A few words for you to consider about wildlife:
- Don’t bother with those bear bells sold in the gift shops. Bears don’t associate the ringing of a bell to humans. My husband calls them "dinner bells." The best thing you can do on a hike is to talk a lot and sing songs.
- A bear can run at 35 MPH. Don’t even think about getting out of a car to walk closer to one. I’ve seen this at Many Glacier!
- Safety is still in numbers. There have never been reports of bears attacking a group of 4 or more. Mountain lions will track a group, but it is the lone hiker that is in the greatest danger.
- Most bear attacks are because people surprise them on the trail or their cubs get separated. Back off as quietly as you can and do not run! Bears will often do a false charge at you. Stay low and quiet while you wet your pants.
The opposite is true with Mountain Lions where aggressive attitude is required.Women on their menses need to take extra care.
- After eating, wash out small containers in a stream or lake before cleaning hands well. If you have cooked a hot meal, and have more cleanup you need to take the stream water and dispose of it in a buried hole away from the stream itself.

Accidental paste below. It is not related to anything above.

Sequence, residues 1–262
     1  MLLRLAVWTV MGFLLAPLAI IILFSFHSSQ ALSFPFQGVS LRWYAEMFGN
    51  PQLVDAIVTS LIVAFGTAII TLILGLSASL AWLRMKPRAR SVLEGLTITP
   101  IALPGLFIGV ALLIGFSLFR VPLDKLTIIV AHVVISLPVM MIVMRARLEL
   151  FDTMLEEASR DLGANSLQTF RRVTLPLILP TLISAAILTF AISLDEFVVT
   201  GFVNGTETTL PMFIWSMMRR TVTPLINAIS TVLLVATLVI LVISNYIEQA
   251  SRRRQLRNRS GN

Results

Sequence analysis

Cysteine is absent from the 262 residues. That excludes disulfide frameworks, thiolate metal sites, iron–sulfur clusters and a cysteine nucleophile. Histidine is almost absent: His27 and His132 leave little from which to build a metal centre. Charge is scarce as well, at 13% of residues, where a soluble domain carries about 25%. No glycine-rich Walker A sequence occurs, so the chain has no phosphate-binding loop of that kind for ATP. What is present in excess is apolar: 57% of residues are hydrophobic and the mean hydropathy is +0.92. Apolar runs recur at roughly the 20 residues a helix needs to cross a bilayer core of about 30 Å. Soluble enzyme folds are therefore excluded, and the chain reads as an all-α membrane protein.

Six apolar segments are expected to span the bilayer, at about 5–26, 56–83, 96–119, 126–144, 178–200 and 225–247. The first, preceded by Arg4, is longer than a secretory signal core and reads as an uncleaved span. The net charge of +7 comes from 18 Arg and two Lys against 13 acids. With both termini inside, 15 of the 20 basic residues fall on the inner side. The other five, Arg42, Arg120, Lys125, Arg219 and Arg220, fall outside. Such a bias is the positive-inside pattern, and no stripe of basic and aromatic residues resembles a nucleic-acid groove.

It helps to travel a trail with some common sense. Look for animal spoor and fresh prints of animals. You don’t have to be Kit Carson to be able to see these signs. Be "in tune" to the sights and sounds around you by keeping an ear out for unusual sounds or commotion on or off the trail. Rangers also post warnings on trails where bear have been spotted. Go hike somewhere else if a particular trail has been "posted" that day saving the closed trail until the warning has been lifted.
It’s important to keep this all in perspective! There are very few animal attacks in the park when you consider how many millions of people visit here each year! I think that the worst condition would be someone who became too terrified to actually get out on the trail and experience the spectacular beauty found here. Bears really don’t care to socialize with humans and when they do, the Park Service quickly tags and removes that bear to remote ends of the wilderness.